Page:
The Madera County Historian documents the history of Madera County and was published by the Madera Historical Society beginning in 1961. This is issue 3 of volume 1 and totaled 6 pages.
Starting on June 21, 1880, a group of Madera County friends made a camping trip to Yosemite Valley. They kept a diary of their vacation, taking turns in writing of their impressions and progress. The Daulton’s, joint editors of this article, narrate the trip for us while highlighting specific passages from the Diary itself and the words of those who wrote the Diary. Names of the authors of the Diary were C. E. Brown, his wife Matilda Gilmore Brown; Tillie’s half-brother Willie Mace; Jack and Jonathan Daulton and their sisters Ida and Agnes; and Addie Raynor.
This article included a full-page photo of some of the members of the 1880 camping trip to Yosemite Valley on page 3. Left to right standing: Jonathon Daulton, Willie Mace, Jack Daulton, Dr. G. E. Brown. Left to right seated: Agnes Daulton, Adelaide Raynor, Ina Mace, Mrs. Mace, Mrs. Tillie Brown and Ida Daulton.
Mention is made of a book called In The Heart of the Sierras by J. M. Hutchings (page 272) where one of the stops taken by the camping crew became a stage stop and later was called Bates Station. A map printed in this manuscript of the various routes to Yosemite is included here. The book can be found online in PDF format and Read Format.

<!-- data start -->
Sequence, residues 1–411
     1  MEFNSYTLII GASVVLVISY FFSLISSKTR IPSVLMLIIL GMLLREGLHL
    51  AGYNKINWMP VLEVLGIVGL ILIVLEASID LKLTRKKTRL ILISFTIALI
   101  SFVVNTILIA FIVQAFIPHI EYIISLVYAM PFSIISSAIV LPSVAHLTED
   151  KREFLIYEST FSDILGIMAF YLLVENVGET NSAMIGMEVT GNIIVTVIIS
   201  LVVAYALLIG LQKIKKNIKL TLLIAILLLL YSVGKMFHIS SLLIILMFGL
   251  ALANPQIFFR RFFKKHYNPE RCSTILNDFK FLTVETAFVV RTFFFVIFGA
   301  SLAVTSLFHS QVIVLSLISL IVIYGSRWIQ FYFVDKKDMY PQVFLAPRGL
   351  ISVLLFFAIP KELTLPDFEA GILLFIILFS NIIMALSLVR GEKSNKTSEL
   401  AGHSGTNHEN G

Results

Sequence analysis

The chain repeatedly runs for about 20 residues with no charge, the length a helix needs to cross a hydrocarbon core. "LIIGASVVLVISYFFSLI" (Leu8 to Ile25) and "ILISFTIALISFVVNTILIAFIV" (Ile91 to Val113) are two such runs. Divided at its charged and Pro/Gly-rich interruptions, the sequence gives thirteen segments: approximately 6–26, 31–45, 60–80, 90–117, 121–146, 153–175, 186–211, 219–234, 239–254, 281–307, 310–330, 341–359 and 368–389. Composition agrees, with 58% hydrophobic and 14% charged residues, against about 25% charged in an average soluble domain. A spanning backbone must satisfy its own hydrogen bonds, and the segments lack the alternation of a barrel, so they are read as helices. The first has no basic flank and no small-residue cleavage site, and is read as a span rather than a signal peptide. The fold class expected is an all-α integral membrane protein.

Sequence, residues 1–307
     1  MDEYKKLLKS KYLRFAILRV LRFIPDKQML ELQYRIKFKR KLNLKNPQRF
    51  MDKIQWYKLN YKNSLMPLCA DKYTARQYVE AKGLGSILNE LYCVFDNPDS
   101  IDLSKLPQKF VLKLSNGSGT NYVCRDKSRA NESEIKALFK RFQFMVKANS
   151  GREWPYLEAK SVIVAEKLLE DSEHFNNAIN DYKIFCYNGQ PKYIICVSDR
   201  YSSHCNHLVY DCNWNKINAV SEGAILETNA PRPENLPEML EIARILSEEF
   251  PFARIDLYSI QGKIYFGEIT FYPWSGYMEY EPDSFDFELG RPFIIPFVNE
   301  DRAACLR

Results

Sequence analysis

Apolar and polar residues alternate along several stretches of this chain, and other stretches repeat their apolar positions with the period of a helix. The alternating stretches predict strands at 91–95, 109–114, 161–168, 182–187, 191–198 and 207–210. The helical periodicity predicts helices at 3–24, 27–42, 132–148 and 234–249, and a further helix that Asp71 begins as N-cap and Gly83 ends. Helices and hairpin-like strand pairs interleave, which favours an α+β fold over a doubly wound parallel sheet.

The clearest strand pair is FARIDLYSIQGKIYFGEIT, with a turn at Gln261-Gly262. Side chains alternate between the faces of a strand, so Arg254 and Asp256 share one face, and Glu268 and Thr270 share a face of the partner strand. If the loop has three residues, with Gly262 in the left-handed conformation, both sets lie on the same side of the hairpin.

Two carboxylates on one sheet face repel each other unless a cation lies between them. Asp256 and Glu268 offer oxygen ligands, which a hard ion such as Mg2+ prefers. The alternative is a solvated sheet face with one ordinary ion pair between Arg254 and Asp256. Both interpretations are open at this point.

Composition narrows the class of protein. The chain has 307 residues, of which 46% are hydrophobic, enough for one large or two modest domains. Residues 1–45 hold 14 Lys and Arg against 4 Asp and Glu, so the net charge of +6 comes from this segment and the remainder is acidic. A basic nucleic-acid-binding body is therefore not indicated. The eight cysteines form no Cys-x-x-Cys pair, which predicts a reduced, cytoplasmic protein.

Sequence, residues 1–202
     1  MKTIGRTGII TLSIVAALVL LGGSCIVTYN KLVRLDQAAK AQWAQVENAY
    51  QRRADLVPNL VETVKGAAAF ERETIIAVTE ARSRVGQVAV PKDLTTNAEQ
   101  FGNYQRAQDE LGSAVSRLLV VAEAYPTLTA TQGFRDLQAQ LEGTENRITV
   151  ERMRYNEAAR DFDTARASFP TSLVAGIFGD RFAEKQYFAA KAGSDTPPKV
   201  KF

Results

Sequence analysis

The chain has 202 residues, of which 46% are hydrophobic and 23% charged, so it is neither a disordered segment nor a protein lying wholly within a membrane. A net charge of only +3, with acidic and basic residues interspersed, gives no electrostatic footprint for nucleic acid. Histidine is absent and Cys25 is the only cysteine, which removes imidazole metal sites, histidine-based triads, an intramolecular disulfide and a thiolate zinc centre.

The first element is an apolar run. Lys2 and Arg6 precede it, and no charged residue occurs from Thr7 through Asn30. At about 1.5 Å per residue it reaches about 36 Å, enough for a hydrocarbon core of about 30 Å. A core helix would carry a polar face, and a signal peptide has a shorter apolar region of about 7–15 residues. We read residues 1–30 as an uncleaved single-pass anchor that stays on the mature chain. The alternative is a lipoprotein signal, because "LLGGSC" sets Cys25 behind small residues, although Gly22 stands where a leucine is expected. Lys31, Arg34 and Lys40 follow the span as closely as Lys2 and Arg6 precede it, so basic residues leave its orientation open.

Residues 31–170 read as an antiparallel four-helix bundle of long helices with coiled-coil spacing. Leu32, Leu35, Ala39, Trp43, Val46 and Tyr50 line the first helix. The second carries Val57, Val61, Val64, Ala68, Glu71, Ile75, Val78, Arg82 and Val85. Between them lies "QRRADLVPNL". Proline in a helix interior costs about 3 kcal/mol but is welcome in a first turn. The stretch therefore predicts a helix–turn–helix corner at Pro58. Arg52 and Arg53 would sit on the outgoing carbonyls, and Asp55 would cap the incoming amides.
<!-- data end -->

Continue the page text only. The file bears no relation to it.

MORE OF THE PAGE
Mention is made in this issue of a book titled The Last of the California Rangers by L. Crossley-Batt on page 5. This book is available online in PDF format and HTML format. This book is the biography of Captain William James Howard (1829–January 1924), the last surviving member of the California State Rangers. Howard ranched west of Mariposa and joined the Rangers, a posse formed by Harry Love to stop bandit gangs in central California. When the camping party left Mirror Lake they expected to find a house that William James Howard had built in 1874, only to find it burned to the ground.
Another stop on the camping trip was an excursion to “Snow’s (page 5).” Albert Snow built his “La Casa Nevada” in 1869-1870 and C. P. Russell mentions the building of the trail to it in One Hundred Years in Yosemite, p. 80. This book is available online in PDF format and HTML format.
Table of Contents:
- From an 1880 Diary, edited by Mr. and Mrs. H. Clay Daulton